The Nests and Eggs of Indian Birds (Volume 1) Second Edition 1889 - by
Allan O. Hume
Family CRATEROPODIDAE Subfamily CRATEROPODINAE|
76. Garrulax albigularis (Gould). White-throated Laughing-Thrush
Garrulax albogularis (Gould), Jerdon B. Ind. ii, p, 38; Hume, Rough Draft N. & E. no. 411.
The White-throated Laughing-Thrush breeds throughout the lower southern ranges of the Himalayas from Assam to Afghanistan at elevations of from 4000 to nearly 8000 feet. They lay from the commencement of April to the end of June. The nest varies in shape from a moderately deep cup to a broad shallow saucer, and from 5 to 7 or even 8 inches in external diameter, and from less than 2 to nearly 4 inches in depth internally. Coarse grass, flags, creepers, dead leaves, moss, moss- and grass-roots, all at times enter more or less largely into the composition of the nest, which, though sometimes wholly unlined, is often neatly cushioned with red and black fern and moss-roots. The nests are placed in small bushes, shrubs, or trees, at heights of from 3 to 10 feet, sometimes in forks, but more often, I think, on low horizontal branches, between two or three upright shoots.
Three is, I think, the regular complement of eggs, and this is the number I have always found when the eggs were much incubated. I have not myself observed that this species breeds in company, nor can I ever remember to have taken two nests within 100 yards of each other.
Captain Hutton remarks: "This is very common in Mussoorie at all seasons, and congregates into large and noisy flocks, turning up the dead leaves, and screaming and chattering together in most discordant concert. It breeds in April and May, placing the nest in the forks of young oaks and other trees, about 7 or 8 feet from the ground, though sometimes higher, and fastening the sides of it firmly to the supporting twigs by tendrils of climbing-plants. It is sometimes composed externally almost entirely of such woody tendrils, intermixed with a few other twigs, and lined with black hair-like fibres of mosses and lichens; at other times it is externally composed of coarse dry grasses and leaves of different kinds of orchids, and lined with fibres, the materials varying with the locality. The eggs are of a deep and beautiful green, shining as if recently varnished, and three in number. In shape they taper somewhat suddenly to the smaller end, which may almost be termed obtusely pointed. The size 1·19 by 0·87 inch. The usual number of eggs is three, though sometimes only one or two are found; but only on one occasion out of more than a dozen nests have I found four eggs. The old bird will remain on the nest until within reach of the hand."
From Murree, Colonel C. H. T. Marshall writes: "This was the most beautiful egg taken this season, being of a rich, deep, glossy, greenish-blue colour. The nest is composed of fresh ivy-twigs, with the leaves attached, tightly woven together. The birds breed on small trees, not high up, at the end of a branch. While their nests were being examined, they came round in flocks to see what was happening, chattering and making that peculiar laughing note from which this genus takes its name. They are even gregarious in the breeding-season, and all the nests were found pretty near each other about 6000 feet up."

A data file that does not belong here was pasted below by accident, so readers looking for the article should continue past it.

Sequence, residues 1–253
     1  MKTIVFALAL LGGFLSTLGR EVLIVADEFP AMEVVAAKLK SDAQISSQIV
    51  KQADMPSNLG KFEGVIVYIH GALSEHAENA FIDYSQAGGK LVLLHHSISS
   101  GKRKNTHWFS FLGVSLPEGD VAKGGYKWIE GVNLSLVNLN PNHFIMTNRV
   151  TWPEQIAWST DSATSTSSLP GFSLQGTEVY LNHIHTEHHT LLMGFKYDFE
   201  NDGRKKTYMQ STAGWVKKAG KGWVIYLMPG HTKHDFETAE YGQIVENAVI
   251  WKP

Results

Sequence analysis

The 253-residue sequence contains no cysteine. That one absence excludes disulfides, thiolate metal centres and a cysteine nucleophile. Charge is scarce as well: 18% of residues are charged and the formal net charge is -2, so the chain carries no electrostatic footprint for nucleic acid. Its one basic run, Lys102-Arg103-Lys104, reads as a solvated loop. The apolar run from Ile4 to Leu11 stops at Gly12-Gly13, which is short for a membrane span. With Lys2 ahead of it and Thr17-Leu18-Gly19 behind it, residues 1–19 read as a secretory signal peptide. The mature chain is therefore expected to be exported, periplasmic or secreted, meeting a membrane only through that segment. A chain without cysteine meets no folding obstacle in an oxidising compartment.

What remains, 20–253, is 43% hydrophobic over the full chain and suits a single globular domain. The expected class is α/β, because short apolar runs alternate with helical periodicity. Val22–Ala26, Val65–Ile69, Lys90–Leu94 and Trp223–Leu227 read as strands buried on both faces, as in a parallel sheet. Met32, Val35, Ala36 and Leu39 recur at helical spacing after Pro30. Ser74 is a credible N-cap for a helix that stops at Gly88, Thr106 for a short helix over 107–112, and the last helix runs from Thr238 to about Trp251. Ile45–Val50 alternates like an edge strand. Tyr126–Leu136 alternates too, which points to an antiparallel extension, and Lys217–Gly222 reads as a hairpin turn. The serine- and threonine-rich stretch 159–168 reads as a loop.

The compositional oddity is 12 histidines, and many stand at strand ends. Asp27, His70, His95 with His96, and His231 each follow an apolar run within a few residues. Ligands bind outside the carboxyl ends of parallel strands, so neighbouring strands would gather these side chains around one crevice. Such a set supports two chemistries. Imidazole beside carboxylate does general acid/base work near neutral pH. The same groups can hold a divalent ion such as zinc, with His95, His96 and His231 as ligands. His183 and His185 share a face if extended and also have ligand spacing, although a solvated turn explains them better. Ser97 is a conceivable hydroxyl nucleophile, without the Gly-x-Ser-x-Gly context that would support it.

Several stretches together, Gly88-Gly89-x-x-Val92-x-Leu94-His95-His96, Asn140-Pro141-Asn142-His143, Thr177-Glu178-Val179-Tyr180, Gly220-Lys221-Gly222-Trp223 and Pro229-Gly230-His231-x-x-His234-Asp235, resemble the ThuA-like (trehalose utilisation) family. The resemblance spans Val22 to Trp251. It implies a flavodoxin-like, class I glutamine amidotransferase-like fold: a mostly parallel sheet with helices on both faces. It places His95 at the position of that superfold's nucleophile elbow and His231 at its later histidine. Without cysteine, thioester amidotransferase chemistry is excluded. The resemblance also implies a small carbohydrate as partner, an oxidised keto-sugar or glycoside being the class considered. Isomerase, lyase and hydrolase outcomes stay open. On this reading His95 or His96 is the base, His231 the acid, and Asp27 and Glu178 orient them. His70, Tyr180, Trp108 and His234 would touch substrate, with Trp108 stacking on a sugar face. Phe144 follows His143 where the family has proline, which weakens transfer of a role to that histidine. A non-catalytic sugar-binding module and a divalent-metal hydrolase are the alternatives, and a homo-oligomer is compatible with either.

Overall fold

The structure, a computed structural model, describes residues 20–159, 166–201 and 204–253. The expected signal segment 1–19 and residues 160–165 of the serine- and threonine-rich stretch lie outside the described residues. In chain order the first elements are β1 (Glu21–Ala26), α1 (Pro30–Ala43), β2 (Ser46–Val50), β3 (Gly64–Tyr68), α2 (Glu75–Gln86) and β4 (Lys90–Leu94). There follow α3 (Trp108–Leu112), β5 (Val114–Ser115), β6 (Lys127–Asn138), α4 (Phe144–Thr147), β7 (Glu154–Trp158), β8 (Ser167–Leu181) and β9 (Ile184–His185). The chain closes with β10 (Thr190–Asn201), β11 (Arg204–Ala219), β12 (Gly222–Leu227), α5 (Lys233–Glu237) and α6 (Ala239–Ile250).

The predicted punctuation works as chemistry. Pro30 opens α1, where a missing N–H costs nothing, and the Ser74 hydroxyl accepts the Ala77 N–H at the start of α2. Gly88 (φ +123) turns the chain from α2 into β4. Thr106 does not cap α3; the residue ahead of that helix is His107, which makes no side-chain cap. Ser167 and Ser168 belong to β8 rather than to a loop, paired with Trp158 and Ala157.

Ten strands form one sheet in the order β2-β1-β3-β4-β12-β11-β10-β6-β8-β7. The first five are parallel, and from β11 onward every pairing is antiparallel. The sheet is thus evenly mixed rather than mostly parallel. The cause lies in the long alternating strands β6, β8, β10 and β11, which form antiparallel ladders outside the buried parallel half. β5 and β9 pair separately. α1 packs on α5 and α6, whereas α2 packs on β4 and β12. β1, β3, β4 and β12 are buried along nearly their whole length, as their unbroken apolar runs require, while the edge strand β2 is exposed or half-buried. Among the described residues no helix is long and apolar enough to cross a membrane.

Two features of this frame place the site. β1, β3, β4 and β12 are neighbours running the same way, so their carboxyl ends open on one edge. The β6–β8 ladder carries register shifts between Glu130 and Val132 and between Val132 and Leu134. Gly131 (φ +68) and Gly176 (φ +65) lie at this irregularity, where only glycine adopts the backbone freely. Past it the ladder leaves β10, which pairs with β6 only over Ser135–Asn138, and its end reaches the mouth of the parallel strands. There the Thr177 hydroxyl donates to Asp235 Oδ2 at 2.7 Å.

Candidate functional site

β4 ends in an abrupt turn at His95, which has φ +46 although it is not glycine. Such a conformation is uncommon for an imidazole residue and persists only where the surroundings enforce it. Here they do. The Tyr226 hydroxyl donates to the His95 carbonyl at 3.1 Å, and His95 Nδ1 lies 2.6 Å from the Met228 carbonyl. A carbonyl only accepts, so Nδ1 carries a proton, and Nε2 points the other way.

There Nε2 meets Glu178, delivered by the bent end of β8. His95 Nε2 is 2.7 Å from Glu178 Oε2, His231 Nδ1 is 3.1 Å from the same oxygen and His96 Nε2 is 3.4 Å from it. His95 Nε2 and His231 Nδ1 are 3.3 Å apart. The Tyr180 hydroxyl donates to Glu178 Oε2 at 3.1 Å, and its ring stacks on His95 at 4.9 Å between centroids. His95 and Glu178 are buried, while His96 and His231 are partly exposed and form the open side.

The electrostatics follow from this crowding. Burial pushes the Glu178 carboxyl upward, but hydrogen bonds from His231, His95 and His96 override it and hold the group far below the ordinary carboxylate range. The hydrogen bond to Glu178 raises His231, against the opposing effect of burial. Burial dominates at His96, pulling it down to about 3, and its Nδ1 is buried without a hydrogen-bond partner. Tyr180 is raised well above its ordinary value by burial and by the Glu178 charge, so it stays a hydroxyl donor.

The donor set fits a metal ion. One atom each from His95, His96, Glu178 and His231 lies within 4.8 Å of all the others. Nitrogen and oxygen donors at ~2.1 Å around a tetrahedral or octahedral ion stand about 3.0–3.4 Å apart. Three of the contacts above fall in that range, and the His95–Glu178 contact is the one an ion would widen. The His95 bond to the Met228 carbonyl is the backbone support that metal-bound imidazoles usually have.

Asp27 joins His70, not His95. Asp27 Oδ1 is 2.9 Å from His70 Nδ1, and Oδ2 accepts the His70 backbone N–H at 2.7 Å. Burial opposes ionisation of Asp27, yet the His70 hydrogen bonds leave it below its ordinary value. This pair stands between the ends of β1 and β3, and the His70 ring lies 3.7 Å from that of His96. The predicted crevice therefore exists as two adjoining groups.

The nest sent me by Colonel Marshall is a broad, shallow cup, or saucer as I should perhaps call it, some 6 inches in diameter, with a central depression of at most 1·5 inch, below which the nest is an inch or 1·5 in thickness. It is very loosely put together, and composed interiorly of moderately fine dry twigs and roots, but exteriorly it is completely wound round with slender green ivy-twigs to which the leaves are attached. It has no lining or pretence for such.
Captain Cock says: "The White-throated Laughing-Thrush lays one of the most lovely eggs with which I am acquainted. The nest is usually low, never more than 10 feet or so from the ground; and of some fifteen or more nests that I have taken, all were constructed of long stalks of the ground-ivy, twisted round and round into a wreath. The nest is not a deep cup; if anything it is rather shallow, but it is very wide. I always found these nests in thick forest, at high elevations from 6000 to 7000 feet. The birds used to sit close, and when put off their nests would commence their outcries, and from all parts they would assemble and flit about almost within reach of one's hand, making an awful noise, and in the dark shade of the forest their white gorgets had quite a ghostly look. The eggs are always three in number, of a beautiful shining blue-green, sometimes of a very long oval type. I have found the nests at Murree from the 3rd May to quite the end of June."